Is blockchain the future of accounting and finance?

First thing first, I am not an expert on block-chain technology and neither is this post an attempt to explain the technical aspects of the technology. There are others who are more qualified to describe what Blockchain is. You can always start over at Youtube. My work/job doesn’t involve Blockchain (at least not right now). However, I am really interested in this technology, hence, I have researched and explored it to the best of my knowledge and get to grasp all the future potential that it holds.

We need to be clear though that Blockchain is different from cryptocurrencies like Bitcoin. Usually, when we read about Blockchain we associate that with Bitcoin or other crytocurrencies. Bitcoin may be the most commonly associated term and aspect of Blockchain technology, but that only represents one aspect of the technology. Over past six months or so we have heard about organizations are indeed using bitcoin for processing transactions, are accepting payment from customers in bitcoin, or the other various cryptocurrencies, this is only one potential implication for the accounting profession.

In simplest terms Blockchain is an decentralized open network which encrypts and stores data on transactions securely. All participants in the network have access to all the data and can verify the transactions. Being a decentralized network, there is no central party which verifies/authenticates the transactions. 

Accounting systems through ages

Over the years one of the biggest break through in modern financial accounting systems was the introduction of double entry systems; solving the problem of managers knowing whether they could trust their own books. However, a number of manual labor intensive controls were required to be built in to ensure integrity and validity of data. Further, to gain trust of outsiders, independent auditors were required to perform detailed test of transactions. Resulting in inefficient and intensive audit process.

Over time we have seen digitization of accounting systems, with the introduction of over the shelf book keeping systems followed by more complex and dynamic ERPs. Modern ERPs aim to integrate all business processes across an organization and attempts to automate the book keeping and financial accounting within the organization thereby automating a number if internal checks and balances. However, external checks and balances still remain manual and requires human intervention. Consequently, the integrity and validity of data is remains susceptible.

What next with Blockchain?

The recently emerged Blockchain is a trustless, distributed ledger that is openly available and has negligible costs of use. From simplifying the compliance with regulatory requirements to enhancing the prevalent double entry bookkeeping, anything is imaginable. The technology represents the next step in accounting. Instead of keeping separate records based on transaction receipts, companies can record their transactions directly into a joint ledger based on Smart Contracts, thereby creating an interlocking system of accounting records.

Since all the entries would be distributed and encrypted, the validity and integrity of data remains intact at all time. So instead of integrating the business processes across a single organization, this would integrate the whole supply chains vertically and horizontally across industries and multiple organizations and authorities. The following video shows how Maersk and IBM have partnered up to integrate using the Blockchain technology:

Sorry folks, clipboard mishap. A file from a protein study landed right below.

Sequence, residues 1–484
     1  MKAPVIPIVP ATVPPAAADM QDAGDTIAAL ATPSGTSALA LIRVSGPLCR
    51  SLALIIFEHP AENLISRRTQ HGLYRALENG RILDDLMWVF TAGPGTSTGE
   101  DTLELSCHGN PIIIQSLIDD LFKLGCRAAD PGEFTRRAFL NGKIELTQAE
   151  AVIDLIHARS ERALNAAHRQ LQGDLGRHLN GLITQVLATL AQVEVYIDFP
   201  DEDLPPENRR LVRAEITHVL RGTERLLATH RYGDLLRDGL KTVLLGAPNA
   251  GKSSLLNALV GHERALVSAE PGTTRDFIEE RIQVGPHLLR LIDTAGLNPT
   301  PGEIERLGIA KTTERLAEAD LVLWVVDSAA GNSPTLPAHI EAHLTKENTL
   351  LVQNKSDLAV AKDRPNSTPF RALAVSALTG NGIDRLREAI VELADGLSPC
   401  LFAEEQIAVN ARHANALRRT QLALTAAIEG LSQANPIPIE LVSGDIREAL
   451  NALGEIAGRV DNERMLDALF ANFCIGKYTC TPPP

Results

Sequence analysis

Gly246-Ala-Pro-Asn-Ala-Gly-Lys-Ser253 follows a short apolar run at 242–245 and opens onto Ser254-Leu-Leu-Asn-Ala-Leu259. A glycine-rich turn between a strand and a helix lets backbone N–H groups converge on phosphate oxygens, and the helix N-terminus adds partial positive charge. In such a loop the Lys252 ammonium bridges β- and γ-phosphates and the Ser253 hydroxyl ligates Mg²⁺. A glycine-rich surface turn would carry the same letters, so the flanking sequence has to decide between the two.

https://www.youtube.com/watch?v=IJFIoQ-_hLk

Any other implications?

It is not necessary to start with a joint register for all accounting entries. The Blockchain technology as a source of secure technology in itself can have great implications and can be integrated within current accounting systems.

“For instance, using Blockchain we can easily preserve the integrity of electronic files easily. One approach is to generate a hash string of the file. That hash string represents the digital fingerprint of that file. Next, that fingerprint is immutably timestamped by writing it into the Blockchain via a transaction. At any subsequent point in time, one can prove the integrity of that file by again generating the fingerprint and comparing it with the fingerprint stored in the Blockchain. In case the fingerprints are identical, the document remained unaltered since first writing the hash to the Blockchain.”

 

In addition, with Smart Contracts the whole accounts receivable and payable processes can be automated. These may be programmed to enable automatic release of funds upon completion of a specified milestone, i.e. when party A attests reception of the goods, send money to party B. This could potentially reduce the need for debt collection, removing the need for Accounts Receivables and Payables functions.

If you think that is all the possibilities are endless, since all all information in a Blockchain network adds up to one shared version of the truth it reduces the need for controlling, reconciliations etc.

Conclusion

That means that there’s no way around Blockchain and with advancing technology finance functions must understand that the redundant book keeping and controlling functions would become redundant with the introduction of Blockchain. Instead, it will pave way for more improved quality analytics and forecasting, which will allow for employees to find more value in the job they perform. This is the movement that we’ve been trying to make for many years anyway and along comes Blockchain acting as a huge enabler.

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